Ventricular arrhythmias are the most common cause of cardiac-related deaths. As a doctor, you can help improve your cardiac patients' overall health. You can help them decrease their chance of death with a proper diagnosis. A proper diagnosis gives patients the tools needed to make healthy lifestyle changes.
Continue reading to learn more about diagnosing ventricular arrhythmias in the cardiology community. We'll also recommend the reference manuals you might use along with diagnostic testing.
1. Understanding Ventricular Arrhythmias
There are two main types of ventricular arrhythmias that your patients might be suffering from. They are ventricular tachycardia (VT) and ventricular fibrillation (VF). Both of these disorders of the heart can be dangerous and ultimately life-threatening when they go untreated.
VT occurs when electrical signals are sent from the heart's lower chambers (ventricles) at a more rapid pace than normal. Increased periods of tachycardia mean that cardiac patients might experience symptoms including:
The sudden drops in blood pressure and the lack of oxygen to the brain can result in fainting and loss of consciousness during a VT episode.
Ventricular fibrillation also refers to a faster heart rhythm, however, they are erratic. This prevents the ventricle from filling with blood. As a result, the heart can't pump blood to the rest of the body (including the brain). This misfiring of the heart may cause the loss of consciousness and the loss of pulse.
2. Knowing the Possible Causes of Arrhythmia
There are several factors (both internal and external) that may cause arrhythmias. Your patients might have underlying heart problems like cardiovascular disease and cardiomyopathy. They might have heart inflammation or infections that can affect their heart rhythms.
The use of toxins and stimulants can also cause you to develop an issue with the heart. Things like alcohol, cocaine, and even OTC drugs can cause a reaction in the body.
Genetics can also cause ventricular arrhythmias and other heart problems to develop in seemingly healthy individuals. Certain health conditions (i.e., hyperthyroidism) can increase your risk of developing an arrhythmia. The patients' lifestyle can also impact their risk of cardiac events occurring.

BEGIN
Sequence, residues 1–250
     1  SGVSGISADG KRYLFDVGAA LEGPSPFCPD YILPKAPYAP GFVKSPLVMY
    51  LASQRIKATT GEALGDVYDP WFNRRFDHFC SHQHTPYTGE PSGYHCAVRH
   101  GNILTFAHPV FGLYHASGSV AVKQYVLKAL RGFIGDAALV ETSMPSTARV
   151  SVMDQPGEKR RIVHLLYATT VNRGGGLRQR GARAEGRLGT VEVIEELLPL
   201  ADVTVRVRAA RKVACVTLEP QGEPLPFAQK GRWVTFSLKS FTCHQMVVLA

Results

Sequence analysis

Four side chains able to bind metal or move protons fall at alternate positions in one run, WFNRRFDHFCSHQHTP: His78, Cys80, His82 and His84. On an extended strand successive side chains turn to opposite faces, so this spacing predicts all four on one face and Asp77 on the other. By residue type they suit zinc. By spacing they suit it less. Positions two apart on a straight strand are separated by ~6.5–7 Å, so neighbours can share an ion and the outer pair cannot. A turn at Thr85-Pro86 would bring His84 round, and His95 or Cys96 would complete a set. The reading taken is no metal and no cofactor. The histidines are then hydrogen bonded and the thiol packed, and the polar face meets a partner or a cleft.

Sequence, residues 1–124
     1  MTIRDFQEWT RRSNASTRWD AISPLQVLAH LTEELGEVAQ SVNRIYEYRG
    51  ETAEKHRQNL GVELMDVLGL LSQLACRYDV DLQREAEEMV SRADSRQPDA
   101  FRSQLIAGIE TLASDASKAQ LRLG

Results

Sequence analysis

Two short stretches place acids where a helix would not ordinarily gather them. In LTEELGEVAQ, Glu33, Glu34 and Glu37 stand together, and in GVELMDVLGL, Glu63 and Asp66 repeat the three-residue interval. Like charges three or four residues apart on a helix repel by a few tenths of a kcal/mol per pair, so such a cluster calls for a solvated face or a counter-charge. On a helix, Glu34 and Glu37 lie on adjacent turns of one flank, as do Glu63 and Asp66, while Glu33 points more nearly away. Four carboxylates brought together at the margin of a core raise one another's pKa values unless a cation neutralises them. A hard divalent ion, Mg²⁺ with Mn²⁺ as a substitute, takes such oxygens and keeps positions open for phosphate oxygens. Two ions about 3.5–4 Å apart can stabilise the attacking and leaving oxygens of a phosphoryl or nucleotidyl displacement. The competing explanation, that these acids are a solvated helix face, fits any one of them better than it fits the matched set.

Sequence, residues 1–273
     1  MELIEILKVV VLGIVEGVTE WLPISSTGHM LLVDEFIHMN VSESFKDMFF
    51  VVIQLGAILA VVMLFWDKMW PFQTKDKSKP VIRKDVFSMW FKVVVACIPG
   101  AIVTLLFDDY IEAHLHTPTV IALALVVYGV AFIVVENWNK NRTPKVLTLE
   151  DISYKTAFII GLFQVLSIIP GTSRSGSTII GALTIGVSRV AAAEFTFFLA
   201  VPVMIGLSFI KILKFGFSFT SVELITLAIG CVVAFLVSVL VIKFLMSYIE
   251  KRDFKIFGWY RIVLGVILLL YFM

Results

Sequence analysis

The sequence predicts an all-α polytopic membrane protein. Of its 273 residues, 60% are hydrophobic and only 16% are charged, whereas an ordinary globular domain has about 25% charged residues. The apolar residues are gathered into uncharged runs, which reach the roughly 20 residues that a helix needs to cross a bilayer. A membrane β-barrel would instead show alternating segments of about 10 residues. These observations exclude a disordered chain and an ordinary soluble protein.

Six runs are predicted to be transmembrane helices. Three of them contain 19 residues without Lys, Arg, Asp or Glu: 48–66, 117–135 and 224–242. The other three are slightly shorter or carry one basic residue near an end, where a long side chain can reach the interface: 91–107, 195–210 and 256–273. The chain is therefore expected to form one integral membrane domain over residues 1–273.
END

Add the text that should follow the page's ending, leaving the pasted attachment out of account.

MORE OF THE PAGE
3. Testing and Monitoring Heart Rhythms
When diagnosing a possible arrhythmia, a cardiologist will perform a physical evaluation. They will look for physical signs that a heart problem exists. A cardiologist will check the patient's blood pressure and listen for heart murmurs.
A cardiologist will also review the patient's medical history. They will inquire about their family history. If it's a genetic disorder, a cardiologist may recommend testing for the patient's family members.
An electrocardiogram (ECG) is done during abnormal heart activity. This is to get an accurate reading of the arrhythmia. A cardiologist will read the ECG interpretations to determine what type of arrhythmia their patients might have.
You can learn more about ECG interpretations in this Medical Creations textbook.
Ultrasounds and MRIs can be used to give the cardiologist a clearer view of the condition of the patient's heart.
When further testing is required, a cardiologist may suggest that their patients wear a Holter monitor. These are heart monitors that record heart activity for a few days. This data is then sent to the cardiologist who can examine the sample for irregularities.
Physical activity may cause heart patients to experience the symptoms of their heart condition. This is where the exercise stress test and tilt table test come into play.
An exercise stress test monitors heart activity while the patient walks on a treadmill or rides a stationary bike. The tilt table test monitors how their heart is affected while laying down and standing up.
An EP study is an invasive procedure that involves the placement of pacing wires into the heart. The wires enter the heart through blood vessels. This test allows a heart doctor to evaluate the electrical system within the heart.
Echocardiograms (also known as echo) use sound waves to evaluate the structure and function of heart muscles and valves.
All of these things work together to give a cardiologist the proper diagnosis for their patients.
4. Treating Heart Arrhythmia
Some of your patients may not require a heart arrhythmia treatment. As a doctor, you may find that the best thing for your patients is having them attend regular arrhythmia checkups. This can help to ensure the condition is not getting worse over time.
However, other patients may need to take medication to get back on track. Patients may need therapies (like vagal maneuvers) to recover from cardiac activity. Cardioversions and catheter procedures may also be necessary.
Some patients may need heart surgery to prevent further cardiac events from occurring. You might recommend:
- Catheter ablation
- Pacemaker insertion
- Coronary bypass surgery
It is your responsibility to weigh the risks and benefits of major surgery to treat arrhythmia. You need to do your research before presenting these options to your patients.
Your patients may find relief from a heart condition with lifestyle changes and alternative medicine. A healthy diet and regular exercise can reduce the chance of cardiac arrest. Yoga and meditation can help alleviate the stress of everyday life as well as the strain that stress places on the heart.
Diagnosing Ventricular Arrhythmias
The process that goes into diagnosing ventricular arrhythmias helps cardiologists help their patients. You should consider reading Medical Creations' book about EKG/ECG interpretations. It can help you understand how to read ECGs to determine and diagnose arrhythmias.
For more information on ECG interpretations and how they are used in the diagnostic process surrounding heart arrhythmias, check out our best-selling ECG book on Amazon by clicking here!